Talking Tactics: How MLS teams employ thei

Cutting in or staying wide, flank play can make a big difference

Steve Zakuani, Seattle Sounders

Photo Credit: 
Getty Images



The day of the classic
winger is over, kind of like New Coke. No longer can a tricky dribbling
specialist be content to hug the touchline waiting for chances to beat his man and
swerve pretty crosses.

They still do that at
times, sure, but the modern game of organized defenses demands so much more. So
the men who attack from wide areas must be complete players—or something close
to it.

Take Seattle’s Steve
Zakuani. Last year, the overall number one draft pick was a blur of pace who ran
at defenders from his spot on the left at Qwest, although his game sometimes lacked
nuance. In just a year he has added significantly to his stores of wile. With
added physical presence, an ability to win the ball in midfield and knowledge
on when to maneuver inside, he has become even more dangerous.

He was having a
relatively quite night against Dallas last week (as FCD wide midfielder Atiba
Harris focused less on offense and more on helping defend Zakuani). But one
well-timed burst down the left side brought the important equalizer. Would last
year’s Zakuani have recognized and exploited the moment when FCD fullback Zach
Loyd got caught too far forward without cover?

Houston veteran Brad
Davis is another premier MLS left-sider, ever comfortable coming inside. He is doing
even more of it this year. Houston are missing a couple of its signature big
strikers, so banging balls willy-nilly into the penalty area just won’t
do.  Instead, Davis drifts inside regularly
to assist Geoff Cameron, who was just learning to work the top of Houston’s diamond-shaped
midfield when his knee betrayed him so sadly.

Davis is a good
example of today’s two-way flank midfielder, a worker bee able to slant inside on
offense and willing to share the defensive load. They don’t have to specialize
in blue-collar defensive work, a la Houston’s Brian Mullan or Real Salt Lake’s
Will Johnson, but they certainly must help.

Speedy New England
attacker Sainey Nyassi was on a short list of Revs who had a good night against
Colorado. Nyassi whipped in several dangerous balls from the right toward
forwards Zack Schilawski and Kheli Dube. While he looks to get the most of his
speed, he knows when to hit early balls, too, serving before the second man
arrived on defense.

His more comprehensive
body of work helped create the Revs’ only goal. Nyassi dribbled at top speed
into the offensive third, serving a useful ball to the back post before the
defense could fully organize. Colorado managed a scrambling clearance, but
Nyassi moved quickly inside to recover the ball.

After he did, Pablo
Mastroeni chose to foul rather than chase Nyassi’s next run off the ball. Then,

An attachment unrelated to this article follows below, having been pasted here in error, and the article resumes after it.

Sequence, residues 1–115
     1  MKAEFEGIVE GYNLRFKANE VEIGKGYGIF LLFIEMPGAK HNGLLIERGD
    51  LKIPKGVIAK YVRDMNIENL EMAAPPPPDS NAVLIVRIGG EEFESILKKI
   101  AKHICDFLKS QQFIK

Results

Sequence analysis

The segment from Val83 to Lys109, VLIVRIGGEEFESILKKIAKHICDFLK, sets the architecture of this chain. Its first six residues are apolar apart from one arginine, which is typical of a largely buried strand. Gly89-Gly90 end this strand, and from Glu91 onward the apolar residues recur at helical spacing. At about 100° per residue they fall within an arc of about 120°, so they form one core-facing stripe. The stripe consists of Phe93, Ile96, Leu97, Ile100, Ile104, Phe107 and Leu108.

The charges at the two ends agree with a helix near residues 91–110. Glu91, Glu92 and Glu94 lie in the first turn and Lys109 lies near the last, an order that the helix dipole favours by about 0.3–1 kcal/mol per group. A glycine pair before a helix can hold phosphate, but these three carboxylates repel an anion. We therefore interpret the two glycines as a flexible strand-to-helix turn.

Marko Perovic made the free kick count.

Speed isn’t
necessarily essential, though. In second-half relief duty, L.A. reservist Chris
Klein reminded us how some guys find room to serve through shrewd timing and an
ability to read the game. Meanwhile others do it with technical craft. Columbus
Crew winger Eddie Gaven isn’t particularly quick, but he knows his angles that
he needs just a smidge of space to deliver a cross.

The wide midfielder
who can’t threaten to cut inside is too predictable and, therefore, too easily neutralized.
San Jose’s Arturo Alvarez frequently plays on the right, and despite everybody
knowing he wants to cut inside and use his left foot, he still pulls it off. Only
an organized defense with lots of inside help and communication can deal with it.
Young Philadelphia man Roger Torres has a lot of that in him, too. So does
Chicago’s Marco Pappa (although he’s playing centrally right now in Carlos de
los Cobos’ 4-5-1).

MLS does have a few
men who look something like the classic wingers of bygone day. Robbie Rogers works
the left at Crew Stadium with a destabilizing speed. Sigi Schmid previously and
current Crew manager Robert Warzycha have attempted to work with Rogers,
tutoring him on making the best choices: when to run at defenders, when to take
one touch past them into space and when to patiently hold possession and look
to combine with Guillermo Barros Schelotto.

Rogers is also a good
example of where MLS remains a work in progress quality-wise. He has the foot
speed to reach great spots but can’t always deliver crosses with intent and
authority. In MLS, there’s a lot of that going around. (FYI: Rogers’ run from a
wide spot in the penalty area created the critical PK in the weekend win over
Real Salt Lake.)

Wing play in modern
soccer doesn’t just mean forwards and midfielders, of course. Teams depend on
fullbacks to push ahead and supply width in attack. No team does this better than
RSL, where the wide midfielders squeeze in liberally and depend on fullbacks to
work the wide channels.

We know less about a
couple of new wide guys in MLS. Kansas City’s Ryan Smith certainly has
something to offer the left side of CommunityAmerica Ballpark. And K.C.’s 4-3-3
will provide opportunities to be isolated one-on-one, especially when they
travel and get on the bigger fields.

Lastly, we got our
first peak Saturday at Brian Nielsen, Red Bull’s new Danish winger. He didn’t
see much of the ball against Philadelphia and he was coming off an illness. But
he appears to have some power and pace. If he can prove a danger, Red Bull will
really stretch defenses horizontally, with Nielsen on the left and Dane
Richards working the right. That wide push is important to the way Red Bull
want to play, with two centrally stationed midfielders but no true playmaker.

So far, it seems to be
working.